Text typology – Genesis
The main function of the text is expressive. The text is an extract from the novel Oranges Are Not the Only Fruit by Jeanette Winterson. The author is a writer, journalist and poet, whose breadth of experience comes across in this text. The field of discourse is the narrative genre of the novel. The mode of discourse is “written to express views and feelings in an artistic way”, which Katarina Reiss refers to as “creative composition” where the sender is at the forefront (Hatim, B. and Munday, J. p 183). To this extent, the writer’s emotions represent a medium through which she expresses her own feelings towards her parents.
The subject of Oranges Are Not the Only Fruit is the bizarre relationship of the author’s parents, although most of the narrative concentrates on the description of the writer’s mother thus highlighting certain traits of their relationship. The writer’s mother is portrayed as a dominant figure in the life of the author; she is a rebel and anti-conformist, a concept that comes across in the narrative. The references to religion also contribute to portraying the rebellious spirit of her mother. The reader gets the impression that the author was in a better rapport with her mother than her father. The use of emotive language is present throughout the text which contributes to the expression of affection towards the author’s mother.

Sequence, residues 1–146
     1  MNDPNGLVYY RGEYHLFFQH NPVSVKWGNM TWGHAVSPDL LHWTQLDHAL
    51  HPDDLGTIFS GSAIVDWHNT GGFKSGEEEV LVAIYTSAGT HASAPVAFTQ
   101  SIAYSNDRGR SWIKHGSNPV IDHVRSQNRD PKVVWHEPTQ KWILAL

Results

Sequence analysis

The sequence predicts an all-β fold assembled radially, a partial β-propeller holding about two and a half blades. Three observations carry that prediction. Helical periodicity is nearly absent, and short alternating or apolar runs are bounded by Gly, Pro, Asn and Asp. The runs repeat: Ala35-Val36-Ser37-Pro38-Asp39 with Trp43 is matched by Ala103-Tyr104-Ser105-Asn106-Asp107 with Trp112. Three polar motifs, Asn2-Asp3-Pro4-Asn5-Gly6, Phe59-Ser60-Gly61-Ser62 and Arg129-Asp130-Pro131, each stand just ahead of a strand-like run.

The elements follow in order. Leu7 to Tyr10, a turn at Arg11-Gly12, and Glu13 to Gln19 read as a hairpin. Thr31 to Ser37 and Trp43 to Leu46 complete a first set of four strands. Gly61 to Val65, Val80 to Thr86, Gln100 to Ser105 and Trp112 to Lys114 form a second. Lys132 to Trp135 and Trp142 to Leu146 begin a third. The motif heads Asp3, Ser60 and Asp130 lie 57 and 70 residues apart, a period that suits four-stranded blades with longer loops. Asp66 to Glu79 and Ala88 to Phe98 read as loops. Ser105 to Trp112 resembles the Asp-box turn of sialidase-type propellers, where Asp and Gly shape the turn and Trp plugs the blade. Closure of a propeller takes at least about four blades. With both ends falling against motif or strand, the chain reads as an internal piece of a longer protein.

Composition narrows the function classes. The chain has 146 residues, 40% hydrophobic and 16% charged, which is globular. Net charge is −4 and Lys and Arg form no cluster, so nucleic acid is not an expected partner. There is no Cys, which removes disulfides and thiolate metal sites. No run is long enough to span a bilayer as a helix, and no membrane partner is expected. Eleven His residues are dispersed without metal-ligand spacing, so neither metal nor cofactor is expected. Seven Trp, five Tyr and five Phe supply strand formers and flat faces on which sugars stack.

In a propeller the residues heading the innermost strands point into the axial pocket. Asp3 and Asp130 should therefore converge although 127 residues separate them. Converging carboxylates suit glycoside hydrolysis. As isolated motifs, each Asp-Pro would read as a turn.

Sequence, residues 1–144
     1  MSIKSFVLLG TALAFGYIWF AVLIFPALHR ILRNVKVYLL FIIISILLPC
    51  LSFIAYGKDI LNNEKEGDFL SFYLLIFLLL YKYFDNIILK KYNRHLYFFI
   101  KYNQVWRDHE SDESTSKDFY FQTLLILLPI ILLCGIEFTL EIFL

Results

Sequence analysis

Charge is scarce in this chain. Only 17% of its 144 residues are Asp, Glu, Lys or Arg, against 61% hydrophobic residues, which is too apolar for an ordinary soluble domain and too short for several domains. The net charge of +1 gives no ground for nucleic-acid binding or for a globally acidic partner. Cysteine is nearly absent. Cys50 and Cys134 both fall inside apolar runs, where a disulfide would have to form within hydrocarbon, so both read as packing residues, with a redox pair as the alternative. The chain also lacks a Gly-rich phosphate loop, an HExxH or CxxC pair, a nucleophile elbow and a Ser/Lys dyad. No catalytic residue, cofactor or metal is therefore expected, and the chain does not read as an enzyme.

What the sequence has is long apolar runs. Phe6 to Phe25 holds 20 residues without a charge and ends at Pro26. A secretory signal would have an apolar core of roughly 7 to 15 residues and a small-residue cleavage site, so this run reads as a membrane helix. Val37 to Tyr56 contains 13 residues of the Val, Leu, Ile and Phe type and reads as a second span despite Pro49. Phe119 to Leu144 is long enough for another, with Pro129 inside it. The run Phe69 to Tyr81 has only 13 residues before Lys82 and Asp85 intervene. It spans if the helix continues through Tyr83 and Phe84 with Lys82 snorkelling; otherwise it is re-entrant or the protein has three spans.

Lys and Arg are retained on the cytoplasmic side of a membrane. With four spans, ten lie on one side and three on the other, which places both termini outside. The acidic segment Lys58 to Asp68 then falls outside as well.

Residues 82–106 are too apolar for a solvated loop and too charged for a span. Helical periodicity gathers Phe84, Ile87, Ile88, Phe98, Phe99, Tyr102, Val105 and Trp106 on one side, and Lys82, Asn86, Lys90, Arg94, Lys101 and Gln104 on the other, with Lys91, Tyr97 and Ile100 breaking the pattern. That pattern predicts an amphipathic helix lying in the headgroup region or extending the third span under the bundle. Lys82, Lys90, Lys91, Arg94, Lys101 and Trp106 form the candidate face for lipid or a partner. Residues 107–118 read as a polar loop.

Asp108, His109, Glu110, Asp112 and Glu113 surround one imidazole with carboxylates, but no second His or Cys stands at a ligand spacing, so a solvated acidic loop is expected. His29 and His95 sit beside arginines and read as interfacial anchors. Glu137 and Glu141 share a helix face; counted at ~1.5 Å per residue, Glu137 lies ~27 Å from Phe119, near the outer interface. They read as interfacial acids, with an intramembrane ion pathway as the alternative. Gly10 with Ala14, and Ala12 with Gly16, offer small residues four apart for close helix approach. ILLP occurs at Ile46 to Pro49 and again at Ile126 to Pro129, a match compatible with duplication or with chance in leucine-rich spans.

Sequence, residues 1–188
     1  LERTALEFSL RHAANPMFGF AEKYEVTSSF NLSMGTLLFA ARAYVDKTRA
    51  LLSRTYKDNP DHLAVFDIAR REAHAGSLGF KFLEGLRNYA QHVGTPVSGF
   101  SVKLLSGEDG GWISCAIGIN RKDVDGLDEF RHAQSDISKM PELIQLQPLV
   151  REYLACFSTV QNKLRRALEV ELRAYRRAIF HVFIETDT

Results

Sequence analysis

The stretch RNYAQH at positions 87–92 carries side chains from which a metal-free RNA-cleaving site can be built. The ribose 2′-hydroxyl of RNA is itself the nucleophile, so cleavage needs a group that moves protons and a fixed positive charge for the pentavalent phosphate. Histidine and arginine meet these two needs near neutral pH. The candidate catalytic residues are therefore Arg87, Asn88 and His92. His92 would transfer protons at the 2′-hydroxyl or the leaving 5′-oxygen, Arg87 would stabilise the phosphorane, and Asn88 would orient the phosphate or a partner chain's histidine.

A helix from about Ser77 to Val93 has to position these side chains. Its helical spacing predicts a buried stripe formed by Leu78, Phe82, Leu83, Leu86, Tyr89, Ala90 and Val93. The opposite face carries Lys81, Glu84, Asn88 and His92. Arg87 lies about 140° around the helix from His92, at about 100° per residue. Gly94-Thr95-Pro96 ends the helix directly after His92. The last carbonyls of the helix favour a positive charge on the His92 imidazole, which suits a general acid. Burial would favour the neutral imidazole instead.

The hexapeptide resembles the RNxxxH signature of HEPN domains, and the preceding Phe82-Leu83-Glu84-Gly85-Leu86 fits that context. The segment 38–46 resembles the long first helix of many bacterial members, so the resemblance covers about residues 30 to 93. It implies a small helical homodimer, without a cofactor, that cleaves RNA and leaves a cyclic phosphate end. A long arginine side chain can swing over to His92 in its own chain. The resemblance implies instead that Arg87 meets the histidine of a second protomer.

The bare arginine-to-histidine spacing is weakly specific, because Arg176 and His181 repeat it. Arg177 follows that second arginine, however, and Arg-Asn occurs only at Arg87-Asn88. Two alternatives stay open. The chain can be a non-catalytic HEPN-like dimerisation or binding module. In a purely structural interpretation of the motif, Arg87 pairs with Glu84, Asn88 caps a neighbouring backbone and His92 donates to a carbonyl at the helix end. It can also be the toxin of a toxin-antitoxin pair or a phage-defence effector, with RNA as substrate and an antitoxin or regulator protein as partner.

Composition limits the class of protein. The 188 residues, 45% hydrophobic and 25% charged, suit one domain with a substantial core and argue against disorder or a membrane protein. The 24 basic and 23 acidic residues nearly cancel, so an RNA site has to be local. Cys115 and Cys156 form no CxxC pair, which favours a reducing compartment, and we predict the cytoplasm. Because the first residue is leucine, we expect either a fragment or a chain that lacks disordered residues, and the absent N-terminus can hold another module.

The text is written to be read. There is a clear paragraph structure where, however, the author chooses to defy norms and conventions of grammar and punctuation (ex: starting with “And” after full stops or at beginning of paragraphs; unusual employment of indent and bullet points, or lack thereof). There is also a large use of figurative speech; the writer uses alliteration to evoke emotion in the reader (http://www.types-of-poetry.org.uk/46-alliteration.htm). For instance, in the sentence “she hung out the largest sheets on the windiest days” we can see the repetition of the “s”...
References: Hatim, B. and Munday, J. (2004) Translation: An advanced resource book, Abingdon: Routledge Applied Linguistics.
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